Carter and Ruby have been dancing together since they moved to State College in 1960 and joined the
newly formed square and round dance club, Centre Squares. They became the square and round dance
leaders for that club in 1963. They initially started teaching both squares and rounds together, but later
separated the round and square dance classes because both were becoming too complicated to teach in
a single class. They currently teach beginning ballroom, intermediate and advanced round dancing as
well as square dancing through Centre Region Parks & Recreation in State College.
Carter and Ruby have attended a number of dance schools over the years to keep up to date with new
teaching techniques and new dance material. They also have taken private lessons from Irv & Betty
Easterday in Hagerstown, MD to improve their own dancing technique.
In addition to their two published round dances, Hernando's Tango and Eyes On You Bolero, the
Ackerman's have written a number of basic round dances for beginner dancers that they use in their
classes. They can be accessed on their website. Carter retired in 1997 from the engineering faculty at
Penn State University, where he still does some consulting work. Now, in addition to their dancing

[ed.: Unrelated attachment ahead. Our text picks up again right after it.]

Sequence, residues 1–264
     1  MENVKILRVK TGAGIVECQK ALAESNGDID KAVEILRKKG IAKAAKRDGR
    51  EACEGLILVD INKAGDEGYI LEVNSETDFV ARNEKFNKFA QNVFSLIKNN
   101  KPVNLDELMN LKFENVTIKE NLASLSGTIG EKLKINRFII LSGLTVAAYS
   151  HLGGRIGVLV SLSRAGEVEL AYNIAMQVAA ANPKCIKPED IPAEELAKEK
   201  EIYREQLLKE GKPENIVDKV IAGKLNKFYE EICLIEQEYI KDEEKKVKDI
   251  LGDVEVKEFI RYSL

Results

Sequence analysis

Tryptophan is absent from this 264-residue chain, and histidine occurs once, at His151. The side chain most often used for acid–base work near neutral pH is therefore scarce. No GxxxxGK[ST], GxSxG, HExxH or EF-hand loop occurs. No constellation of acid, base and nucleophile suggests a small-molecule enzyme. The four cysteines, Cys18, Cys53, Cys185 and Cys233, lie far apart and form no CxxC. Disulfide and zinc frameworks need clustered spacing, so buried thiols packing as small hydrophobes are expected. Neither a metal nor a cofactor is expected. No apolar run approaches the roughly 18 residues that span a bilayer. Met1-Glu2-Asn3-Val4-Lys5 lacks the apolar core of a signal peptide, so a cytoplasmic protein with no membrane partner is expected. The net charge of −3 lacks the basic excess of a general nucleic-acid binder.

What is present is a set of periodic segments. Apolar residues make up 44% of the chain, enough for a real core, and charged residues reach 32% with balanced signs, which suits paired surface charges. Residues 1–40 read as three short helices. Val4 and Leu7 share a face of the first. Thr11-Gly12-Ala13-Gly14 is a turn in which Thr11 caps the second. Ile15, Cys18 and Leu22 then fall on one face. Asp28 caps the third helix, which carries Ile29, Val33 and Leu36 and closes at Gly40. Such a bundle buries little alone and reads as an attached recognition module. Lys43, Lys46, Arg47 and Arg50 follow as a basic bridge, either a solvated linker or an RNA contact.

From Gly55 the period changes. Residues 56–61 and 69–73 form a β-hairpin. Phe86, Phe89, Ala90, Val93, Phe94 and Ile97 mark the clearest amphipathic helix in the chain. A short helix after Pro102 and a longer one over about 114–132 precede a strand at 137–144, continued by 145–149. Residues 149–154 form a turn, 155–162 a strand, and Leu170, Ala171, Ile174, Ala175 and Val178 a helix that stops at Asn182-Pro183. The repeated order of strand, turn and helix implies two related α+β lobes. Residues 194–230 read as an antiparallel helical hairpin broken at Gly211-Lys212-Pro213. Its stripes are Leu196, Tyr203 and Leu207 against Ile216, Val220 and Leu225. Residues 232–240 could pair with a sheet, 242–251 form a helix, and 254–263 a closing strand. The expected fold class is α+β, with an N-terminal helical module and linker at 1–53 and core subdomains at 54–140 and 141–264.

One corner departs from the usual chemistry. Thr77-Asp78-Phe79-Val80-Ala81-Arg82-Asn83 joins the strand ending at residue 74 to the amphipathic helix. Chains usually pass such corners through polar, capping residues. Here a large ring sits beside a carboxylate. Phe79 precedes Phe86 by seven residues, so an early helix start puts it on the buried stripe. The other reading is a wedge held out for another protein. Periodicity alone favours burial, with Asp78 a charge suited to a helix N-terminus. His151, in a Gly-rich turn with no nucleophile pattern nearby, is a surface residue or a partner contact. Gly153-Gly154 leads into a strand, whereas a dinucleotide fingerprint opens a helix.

activities, they are active in local church and community groups and try to spend as much time as
possible with their three children and five grandchildren.
Carter and Ruby have developed a unique approach to dance teaching called "Learn To Dance." This
program uses ROUNDALAB (International Assoc. of Round Dance Teachers) basic figures and
terminology, which are based on International Ballroom dancing, to teach people to do either free-style
ballroom dancing or round dancing using choreographed routines. In both cases the emphasis is on fun
and socializing and not on competitive dancing.
The first year's program concentrates on introductory free-style ballroom dancing in six rhythms: waltz,
foxtrot, cha cha, rumba, tango and swing (or jive.) No previous dance experience is necessary. The
second year's program consists of learning more advanced amalgamations in these (and other) rhythms
for either ballroom or round dancing. The third and successive year's programs concentrate on round
Carter and Ruby feel that the greatest rewards in this activity are the friendships with fellow dancers
and the opportunity for a couple to enjoy a (non-competitive) social activity together. The fact that it
is both physically and mentally stimulating is an added bonus.